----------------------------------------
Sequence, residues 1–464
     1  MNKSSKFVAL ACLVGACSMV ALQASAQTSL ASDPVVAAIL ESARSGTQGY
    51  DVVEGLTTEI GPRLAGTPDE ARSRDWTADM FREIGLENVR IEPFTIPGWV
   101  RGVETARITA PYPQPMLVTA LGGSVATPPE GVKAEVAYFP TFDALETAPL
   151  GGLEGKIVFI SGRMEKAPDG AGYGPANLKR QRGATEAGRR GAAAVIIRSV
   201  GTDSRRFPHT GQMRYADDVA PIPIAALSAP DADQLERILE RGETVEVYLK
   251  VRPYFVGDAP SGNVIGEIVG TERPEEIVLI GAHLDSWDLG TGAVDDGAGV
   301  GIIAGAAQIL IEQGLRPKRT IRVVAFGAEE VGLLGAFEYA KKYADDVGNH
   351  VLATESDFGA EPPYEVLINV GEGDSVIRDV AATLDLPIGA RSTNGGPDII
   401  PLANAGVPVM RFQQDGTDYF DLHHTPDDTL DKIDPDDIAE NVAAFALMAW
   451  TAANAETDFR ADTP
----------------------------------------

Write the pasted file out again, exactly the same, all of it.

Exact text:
Sequence, residues 1–464
     1  MNKSSKFVAL ACLVGACSMV ALQASAQTSL ASDPVVAAIL ESARSGTQGY
    51  DVVEGLTTEI GPRLAGTPDE ARSRDWTADM FREIGLENVR IEPFTIPGWV
   101  RGVETARITA PYPQPMLVTA LGGSVATPPE GVKAEVAYFP TFDALETAPL
   151  GGLEGKIVFI SGRMEKAPDG AGYGPANLKR QRGATEAGRR GAAAVIIRSV
   201  GTDSRRFPHT GQMRYADDVA PIPIAALSAP DADQLERILE RGETVEVYLK
   251  VRPYFVGDAP SGNVIGEIVG TERPEEIVLI GAHLDSWDLG TGAVDDGAGV
   301  GIIAGAAQIL IEQGLRPKRT IRVVAFGAEE VGLLGAFEYA KKYADDVGNH
   351  VLATESDFGA EPPYEVLINV GEGDSVIRDV AATLDLPIGA RSTNGGPDII
   401  PLANAGVPVM RFQQDGTDYF DLHHTPDDTL DKIDPDDIAE NVAAFALMAW
   451  TAANAETDFR ADTP